Self-employed workers are still facing significant obstacles when it comes to obtaining mortgages, new research suggests. A study carried out by Nottingham Building Society has found that one in eight self-employed applicants have been turned down for a home loan since they started working for themselves.

The figures indicate that the high level of rejections are not primarily a result of self-employed workers earning less than they did as members of staff: the Nottingham said that 48% of those questioned said they earned either the same amount as in their previous jobs or more.

The research also found that the self-employed were facing barriers in obtaining other forms of credit: 14% of those who had recently started working for themselves said they had had credit-card applications turned down while 10% said they had been rejected by a personal loan provider.

Growing pressure for a fair deal

There is growing pressure on both lenders and regulators to ensure that self-employed applicants are getting a fair deal on mortgages given the recent trend towards more people deciding to work for themselves. Official figures show that there are now almost 4.7 million self-employed people in the UK, up from 3.8 million in 2008.

The Nottingham said that 86% of mortgage brokers thought that banks and building societies should do more to support the self-employed by offering a greater range of home loans. Almost a quarter of brokers expect applications from the self-employed to increase over the course of 2016, while a third said that applications rose last year.

Affordability not the issue

A recent investigation by City watchdog the Financial Conduct Authority found that stricter rules on mortgage affordability were not a reason for providers to limit lending to the self-employed.

Ian Gibbons, Senior Mortgage Broking Manager at Nottingham Mortgage Services, said:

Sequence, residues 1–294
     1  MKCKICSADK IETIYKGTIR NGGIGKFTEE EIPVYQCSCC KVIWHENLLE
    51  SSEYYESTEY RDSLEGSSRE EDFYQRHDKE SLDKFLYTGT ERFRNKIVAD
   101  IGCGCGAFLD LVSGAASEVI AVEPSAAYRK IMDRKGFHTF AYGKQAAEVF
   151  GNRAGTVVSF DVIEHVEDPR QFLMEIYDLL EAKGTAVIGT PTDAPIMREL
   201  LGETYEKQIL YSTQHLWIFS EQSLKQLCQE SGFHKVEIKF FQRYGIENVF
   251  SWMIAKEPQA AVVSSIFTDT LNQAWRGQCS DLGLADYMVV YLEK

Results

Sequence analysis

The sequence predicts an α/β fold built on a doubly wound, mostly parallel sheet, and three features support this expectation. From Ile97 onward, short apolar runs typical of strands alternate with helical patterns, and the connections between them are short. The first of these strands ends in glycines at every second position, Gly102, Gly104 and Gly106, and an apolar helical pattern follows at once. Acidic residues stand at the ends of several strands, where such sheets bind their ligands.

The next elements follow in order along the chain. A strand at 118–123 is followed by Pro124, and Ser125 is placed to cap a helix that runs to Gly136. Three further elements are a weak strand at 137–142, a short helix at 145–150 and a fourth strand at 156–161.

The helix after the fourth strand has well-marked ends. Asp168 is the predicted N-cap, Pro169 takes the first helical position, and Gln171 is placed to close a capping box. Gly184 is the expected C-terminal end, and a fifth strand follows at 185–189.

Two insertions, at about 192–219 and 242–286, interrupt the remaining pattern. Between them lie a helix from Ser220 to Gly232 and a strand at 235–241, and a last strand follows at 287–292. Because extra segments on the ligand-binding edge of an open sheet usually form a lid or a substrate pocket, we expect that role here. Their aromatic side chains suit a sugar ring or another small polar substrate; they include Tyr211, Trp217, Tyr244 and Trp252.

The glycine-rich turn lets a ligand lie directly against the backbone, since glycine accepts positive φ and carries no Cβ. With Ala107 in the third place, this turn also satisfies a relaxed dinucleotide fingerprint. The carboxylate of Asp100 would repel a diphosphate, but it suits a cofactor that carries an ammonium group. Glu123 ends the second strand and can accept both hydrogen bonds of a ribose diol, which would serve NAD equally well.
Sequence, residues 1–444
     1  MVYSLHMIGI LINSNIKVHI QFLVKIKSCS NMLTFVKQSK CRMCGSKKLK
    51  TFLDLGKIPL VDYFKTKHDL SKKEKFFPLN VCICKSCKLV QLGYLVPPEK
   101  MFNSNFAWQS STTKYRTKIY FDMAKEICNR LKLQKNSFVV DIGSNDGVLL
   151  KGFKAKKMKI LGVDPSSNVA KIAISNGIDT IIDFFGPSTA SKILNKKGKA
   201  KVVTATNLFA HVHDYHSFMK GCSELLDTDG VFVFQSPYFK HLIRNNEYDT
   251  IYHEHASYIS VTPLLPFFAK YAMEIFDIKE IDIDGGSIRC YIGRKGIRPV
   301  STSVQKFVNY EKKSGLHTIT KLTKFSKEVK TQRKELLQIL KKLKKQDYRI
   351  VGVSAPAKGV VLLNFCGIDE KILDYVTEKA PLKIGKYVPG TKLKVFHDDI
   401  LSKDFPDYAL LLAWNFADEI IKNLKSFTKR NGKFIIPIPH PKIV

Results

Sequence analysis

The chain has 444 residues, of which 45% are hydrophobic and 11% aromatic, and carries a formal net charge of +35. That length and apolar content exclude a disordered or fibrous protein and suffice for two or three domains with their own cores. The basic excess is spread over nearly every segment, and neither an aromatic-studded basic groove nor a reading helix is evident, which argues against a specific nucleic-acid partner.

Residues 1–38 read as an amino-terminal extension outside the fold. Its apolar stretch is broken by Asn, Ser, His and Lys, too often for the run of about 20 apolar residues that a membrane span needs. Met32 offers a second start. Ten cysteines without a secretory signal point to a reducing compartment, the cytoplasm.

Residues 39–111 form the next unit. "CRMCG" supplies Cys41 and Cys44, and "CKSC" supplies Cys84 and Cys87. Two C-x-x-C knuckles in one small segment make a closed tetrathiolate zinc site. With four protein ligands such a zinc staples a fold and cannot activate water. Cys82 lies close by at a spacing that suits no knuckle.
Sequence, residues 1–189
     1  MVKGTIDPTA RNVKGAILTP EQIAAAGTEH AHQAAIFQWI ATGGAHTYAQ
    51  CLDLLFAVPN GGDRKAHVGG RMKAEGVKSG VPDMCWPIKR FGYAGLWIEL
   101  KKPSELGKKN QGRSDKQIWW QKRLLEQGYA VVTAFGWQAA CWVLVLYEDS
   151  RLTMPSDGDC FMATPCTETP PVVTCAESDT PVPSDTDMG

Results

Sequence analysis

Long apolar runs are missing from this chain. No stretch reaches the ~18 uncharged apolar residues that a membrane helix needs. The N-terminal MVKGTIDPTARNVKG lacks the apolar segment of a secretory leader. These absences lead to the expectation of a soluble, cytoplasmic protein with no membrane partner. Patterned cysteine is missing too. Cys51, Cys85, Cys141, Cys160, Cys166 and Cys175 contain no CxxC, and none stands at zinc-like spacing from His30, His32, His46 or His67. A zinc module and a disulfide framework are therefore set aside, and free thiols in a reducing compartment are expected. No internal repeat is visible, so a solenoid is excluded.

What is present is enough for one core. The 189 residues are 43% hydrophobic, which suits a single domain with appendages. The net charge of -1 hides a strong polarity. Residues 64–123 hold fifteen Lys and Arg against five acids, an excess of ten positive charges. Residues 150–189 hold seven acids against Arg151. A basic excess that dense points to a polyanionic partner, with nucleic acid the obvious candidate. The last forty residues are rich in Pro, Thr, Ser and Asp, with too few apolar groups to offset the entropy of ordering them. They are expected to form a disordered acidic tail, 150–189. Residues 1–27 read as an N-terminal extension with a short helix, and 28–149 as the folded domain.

Self-employment is growing rapidly and being your own boss should not mean you cannot successfully apply for a mortgage.

Our study shows self-employment can still be an issue when applying for a mortgage, with nearly one in eight being turned down despite many earning more than they were in full-time employment.

Gibbons added that several lenders did offer mortgages tailored specifically for self-employed borrowers, and the issue may be that such workers simply did not know where to look.

But figures published earlier this year by the Intermediary Mortgage Lenders Association (IMLA) showed that mortgage brokers were indeed having difficulty finding loans for self-employed clients: 40% of brokers said they had been unable to find such a deal at some point in the previous six months.

However, this figure was lower than the 47% failure rate recorded in mid-2015, suggesting that the availability of mortgages to self-employed borrowers may be improving to some degree.

Jamie Challis of Crunch Mortgages provided this advice to self-employed professionals seeking a mortgage:

Seeking advice from an independent, specialist broker is crucial. Providing you can demonstrate one to two years’ experience in your profession, we can access lenders that will underwrite the mortgage on the basis of the contract. Typically, the contract will need to be three to six months, with at least four weeks remaining. Most lenders require one year’s contract experience, but it is possible to secure a mortgage with less.

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